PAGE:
Use many assets or asset classes that move up and down at different times and at different speeds. Include international diversification, whether you invest in equities, bonds or both. Just as you never know which timing model will be the star performer in a given quarter or year, you never know which asset class will be the overachiever and which will be the laggard.
6. Follow your systems and your strategy.
Put them into action without fail and without exception. Remember this Chinese proverb: “He who knows but does not act, still does not know.” If you do only one thing right and everything else wrong, make sure this is the one thing you do right. This is the most essential key of all. If buying diet books and exercise equipment took off pounds, obesity would not be a major health concern. You can devise the greatest portfolio in the history of investing, but it will do you no good unless you commit your money to it. The greatest timing models do you no good unless you apply them. Therefore, do whatever is necessary to get it done.
7. Before you start timing, take off the rose-colored glasses, if you are wearing them.
Focus in advance on the difficulties you can expect as well as the ultimate rewards you hope to achieve. Accepting the rewards of success will be easy. But you’ll never get to the finish line unless you can deal with the hurdles along the track. Know the level of interim losses you are likely to encounter with your strategy, and make sure you are willing to accept them. In the early 1970s, buy-and-hold investors in the Standard & Poor’s 500 Index suffered a 39 percent loss in one year. Even timing can be ugly. In our Worldwide Equity strategy, all our back-testing has failed to produce a decline as high as 15 percent in any 12-month period. Yet we believe that any strategy with the potential to produce returns of 13 to 15 percent a year also has the potential to lose 15 percent in a year, so that’s the figure we use when we project the expected worst-case scenario. Bottom line: Do not expect magic from any timing system.
8. Give timing enough time to work. In the short term, anything can happen.
In the long term, if you have chosen a strategy carefully and you follow the discipline, you should be rewarded accordingly. But how long is long enough? There are two places to look for the answer. The first is in your own psychology. Do you normally undertake long-term projects or strategies, comfortable knowing that you’ll have to wait for any payoff? If so, you may be a good candidate for market timing. But if on the other hand you are usually quick to judge the success or failure of something you start, and if you need instant gratification, you’ll probably have trouble being a successful market timer. The second place to look for the answer is in statistics and history. Arm yourself (or have your manager do this for you) with the past statistical performance, either real or hypothetical, of your proposed investment. Over the longest period for which you have data, determine the depth of the largest drawdown. Find out how long it took to return to break-even. One of our most aggressive timing programs, which we call by the shorthand of +2 to -1, meaning it attempts to double the performance of large U.S. stocks when the market is rising and to do the opposite of the market during declines, once took nearly two years to recover from a 20 percent drawdown. Are you prepared to endure that in order to make returns of more than 20 percent? Here’s an even tougher example of the extraordinary patience required of investors: In 1973 and 1974, the S&P 500 declined by 44.9 percent. The index eventually regained its pre-decline level. But it took 66 months for some investors just to break even. Unless you are sure you’d stick with a strategy through the longest historical drawdown for which you have data, don’t embark on that strategy.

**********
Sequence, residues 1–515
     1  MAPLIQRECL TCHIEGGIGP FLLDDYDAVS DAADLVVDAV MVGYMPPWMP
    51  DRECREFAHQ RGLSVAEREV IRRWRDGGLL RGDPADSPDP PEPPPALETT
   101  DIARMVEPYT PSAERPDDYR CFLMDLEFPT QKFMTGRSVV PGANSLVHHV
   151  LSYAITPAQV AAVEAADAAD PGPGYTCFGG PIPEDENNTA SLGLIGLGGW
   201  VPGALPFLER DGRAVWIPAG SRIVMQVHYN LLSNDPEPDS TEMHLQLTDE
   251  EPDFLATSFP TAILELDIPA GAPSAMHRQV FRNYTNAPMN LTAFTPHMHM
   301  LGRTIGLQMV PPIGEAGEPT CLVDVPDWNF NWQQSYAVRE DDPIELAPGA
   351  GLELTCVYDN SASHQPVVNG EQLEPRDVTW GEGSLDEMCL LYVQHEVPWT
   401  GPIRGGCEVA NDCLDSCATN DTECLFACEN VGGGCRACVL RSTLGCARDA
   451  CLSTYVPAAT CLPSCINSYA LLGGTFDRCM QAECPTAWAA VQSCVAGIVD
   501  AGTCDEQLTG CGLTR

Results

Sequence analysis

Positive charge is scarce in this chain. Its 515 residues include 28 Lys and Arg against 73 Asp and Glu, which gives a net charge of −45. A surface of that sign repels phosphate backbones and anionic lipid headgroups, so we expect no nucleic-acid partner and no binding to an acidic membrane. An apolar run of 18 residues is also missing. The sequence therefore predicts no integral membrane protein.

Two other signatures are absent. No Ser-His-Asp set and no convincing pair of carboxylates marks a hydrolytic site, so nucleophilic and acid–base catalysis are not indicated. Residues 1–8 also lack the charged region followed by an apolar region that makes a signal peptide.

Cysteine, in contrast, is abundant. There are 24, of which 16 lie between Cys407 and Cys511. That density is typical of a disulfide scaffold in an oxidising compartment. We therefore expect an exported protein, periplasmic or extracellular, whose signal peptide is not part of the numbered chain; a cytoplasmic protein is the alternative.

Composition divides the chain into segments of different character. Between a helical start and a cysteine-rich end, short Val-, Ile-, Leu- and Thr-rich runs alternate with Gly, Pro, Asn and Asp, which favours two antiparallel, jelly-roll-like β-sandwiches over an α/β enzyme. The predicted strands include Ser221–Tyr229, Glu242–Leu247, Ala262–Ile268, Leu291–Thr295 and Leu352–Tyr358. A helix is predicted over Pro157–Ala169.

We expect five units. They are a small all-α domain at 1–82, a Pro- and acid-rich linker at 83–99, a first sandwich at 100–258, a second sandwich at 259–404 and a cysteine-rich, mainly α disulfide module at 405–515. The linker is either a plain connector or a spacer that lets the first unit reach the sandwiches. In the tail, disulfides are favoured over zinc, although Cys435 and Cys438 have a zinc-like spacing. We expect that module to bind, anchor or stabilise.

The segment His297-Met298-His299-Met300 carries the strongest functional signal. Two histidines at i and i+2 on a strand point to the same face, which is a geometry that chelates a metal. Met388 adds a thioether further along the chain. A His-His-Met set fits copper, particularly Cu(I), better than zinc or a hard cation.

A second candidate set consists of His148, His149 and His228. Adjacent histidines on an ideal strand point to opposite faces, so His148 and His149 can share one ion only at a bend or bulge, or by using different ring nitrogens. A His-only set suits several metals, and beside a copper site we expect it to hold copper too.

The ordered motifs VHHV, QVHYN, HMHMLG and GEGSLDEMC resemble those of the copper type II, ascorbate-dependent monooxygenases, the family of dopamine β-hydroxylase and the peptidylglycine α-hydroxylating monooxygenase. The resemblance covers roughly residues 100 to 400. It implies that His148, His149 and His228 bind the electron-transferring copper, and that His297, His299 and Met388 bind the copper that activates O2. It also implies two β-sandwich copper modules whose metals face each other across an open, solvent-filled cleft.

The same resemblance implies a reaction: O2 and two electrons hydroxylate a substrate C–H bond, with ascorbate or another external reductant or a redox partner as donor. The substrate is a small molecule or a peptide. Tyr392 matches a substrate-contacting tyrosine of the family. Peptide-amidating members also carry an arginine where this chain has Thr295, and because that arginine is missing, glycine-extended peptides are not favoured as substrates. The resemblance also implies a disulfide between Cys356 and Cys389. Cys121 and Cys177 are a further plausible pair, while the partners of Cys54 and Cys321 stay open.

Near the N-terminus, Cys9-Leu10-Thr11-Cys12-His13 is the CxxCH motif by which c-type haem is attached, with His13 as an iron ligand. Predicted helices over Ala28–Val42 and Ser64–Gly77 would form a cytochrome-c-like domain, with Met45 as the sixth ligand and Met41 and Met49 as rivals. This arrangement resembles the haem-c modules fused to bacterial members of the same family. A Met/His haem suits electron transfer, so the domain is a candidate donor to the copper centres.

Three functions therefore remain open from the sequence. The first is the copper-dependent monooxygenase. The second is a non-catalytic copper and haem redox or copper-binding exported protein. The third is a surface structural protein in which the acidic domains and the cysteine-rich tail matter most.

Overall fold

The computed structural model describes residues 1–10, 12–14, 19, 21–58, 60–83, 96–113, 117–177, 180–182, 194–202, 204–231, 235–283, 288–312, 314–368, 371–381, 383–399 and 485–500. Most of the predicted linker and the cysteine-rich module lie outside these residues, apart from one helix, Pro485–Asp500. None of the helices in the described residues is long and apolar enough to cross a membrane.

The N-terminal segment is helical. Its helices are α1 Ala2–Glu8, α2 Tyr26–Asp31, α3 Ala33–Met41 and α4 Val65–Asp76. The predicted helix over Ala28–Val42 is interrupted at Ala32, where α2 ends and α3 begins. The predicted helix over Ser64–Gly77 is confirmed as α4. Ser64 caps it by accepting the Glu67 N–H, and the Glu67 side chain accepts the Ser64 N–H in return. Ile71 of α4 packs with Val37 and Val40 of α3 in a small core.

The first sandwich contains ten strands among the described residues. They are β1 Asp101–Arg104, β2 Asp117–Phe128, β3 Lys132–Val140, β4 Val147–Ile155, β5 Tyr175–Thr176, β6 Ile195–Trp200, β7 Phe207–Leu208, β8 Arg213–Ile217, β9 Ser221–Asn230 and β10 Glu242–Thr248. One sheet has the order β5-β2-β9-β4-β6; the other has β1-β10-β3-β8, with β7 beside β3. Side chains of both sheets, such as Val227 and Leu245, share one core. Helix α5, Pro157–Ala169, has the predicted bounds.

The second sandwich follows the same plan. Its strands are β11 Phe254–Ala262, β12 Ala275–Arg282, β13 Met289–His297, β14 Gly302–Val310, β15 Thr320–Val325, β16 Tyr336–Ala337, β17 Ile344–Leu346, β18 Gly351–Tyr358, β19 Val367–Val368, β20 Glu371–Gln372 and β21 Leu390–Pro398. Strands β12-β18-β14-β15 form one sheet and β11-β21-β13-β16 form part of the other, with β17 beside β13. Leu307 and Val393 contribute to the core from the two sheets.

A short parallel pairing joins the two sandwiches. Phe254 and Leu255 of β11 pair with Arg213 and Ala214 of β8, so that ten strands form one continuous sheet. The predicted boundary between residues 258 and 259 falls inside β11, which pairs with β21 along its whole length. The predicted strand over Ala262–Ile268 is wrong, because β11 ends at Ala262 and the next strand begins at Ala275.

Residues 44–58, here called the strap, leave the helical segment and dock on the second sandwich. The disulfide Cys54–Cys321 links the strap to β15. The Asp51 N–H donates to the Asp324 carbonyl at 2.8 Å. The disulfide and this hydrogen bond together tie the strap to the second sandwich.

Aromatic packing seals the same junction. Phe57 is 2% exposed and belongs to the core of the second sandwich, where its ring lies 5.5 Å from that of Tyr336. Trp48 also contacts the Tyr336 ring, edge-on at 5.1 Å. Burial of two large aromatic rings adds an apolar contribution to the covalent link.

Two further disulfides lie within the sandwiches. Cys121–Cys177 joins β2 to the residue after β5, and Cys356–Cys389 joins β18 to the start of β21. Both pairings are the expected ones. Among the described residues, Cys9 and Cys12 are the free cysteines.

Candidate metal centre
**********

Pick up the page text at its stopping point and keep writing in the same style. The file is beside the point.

9. Unless you are absolutely committed to being a market timer, use both timing and buy-and-hold.
This gives you two non-correlated approaches that will have differing results in any given period. Over long periods, carefully chosen investments in similar assets may generate similar returns with buy-and-hold and market timing. But in the meantime, the average of the two may give you lower losses, less risk and (perhaps most important) less anxiety than either market timing or buy-and-hold alone. This combination may be more appealing to many people than the peaks and valleys of each approach separately.
10. Make sure you understand in advance the realities of market timing.
And make sure you are prepared for them. I cannot emphasize this point too much, so I hope you’ll read the following overview. If you invest money that’s governed by timing and you’re surprised by everything that happens to your investment, you will always feel off balance. You’ll come to dislike and distrust timing. And even if you follow your system, timing will produce anxiety for you. That is just the opposite of what it’s intended to do.